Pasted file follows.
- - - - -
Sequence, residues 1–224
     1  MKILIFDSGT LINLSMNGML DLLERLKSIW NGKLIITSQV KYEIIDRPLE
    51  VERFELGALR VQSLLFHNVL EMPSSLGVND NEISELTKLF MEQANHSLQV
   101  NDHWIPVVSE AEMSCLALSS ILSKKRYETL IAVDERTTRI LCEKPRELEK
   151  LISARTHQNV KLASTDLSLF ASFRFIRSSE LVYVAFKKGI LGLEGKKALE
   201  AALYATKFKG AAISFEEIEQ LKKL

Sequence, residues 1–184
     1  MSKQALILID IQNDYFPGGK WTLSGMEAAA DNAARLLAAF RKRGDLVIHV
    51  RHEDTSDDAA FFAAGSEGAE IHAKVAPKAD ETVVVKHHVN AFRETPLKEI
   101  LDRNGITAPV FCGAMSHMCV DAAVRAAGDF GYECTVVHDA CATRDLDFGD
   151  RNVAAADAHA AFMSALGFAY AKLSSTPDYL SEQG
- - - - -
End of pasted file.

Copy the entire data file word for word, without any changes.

Sequence, residues 1–224
     1  MKILIFDSGT LINLSMNGML DLLERLKSIW NGKLIITSQV KYEIIDRPLE
    51  VERFELGALR VQSLLFHNVL EMPSSLGVND NEISELTKLF MEQANHSLQV
   101  NDHWIPVVSE AEMSCLALSS ILSKKRYETL IAVDERTTRI LCEKPRELEK
   151  LISARTHQNV KLASTDLSLF ASFRFIRSSE LVYVAFKKGI LGLEGKKALE
   201  AALYATKFKG AAISFEEIEQ LKKL

Sequence, residues 1–184
     1  MSKQALILID IQNDYFPGGK WTLSGMEAAA DNAARLLAAF RKRGDLVIHV
    51  RHEDTSDDAA FFAAGSEGAE IHAKVAPKAD ETVVVKHHVN AFRETPLKEI
   101  LDRNGITAPV FCGAMSHMCV DAAVRAAGDF GYECTVVHDA CATRDLDFGD
   151  RNVAAADAHA AFMSALGFAY AKLSSTPDYL SEQG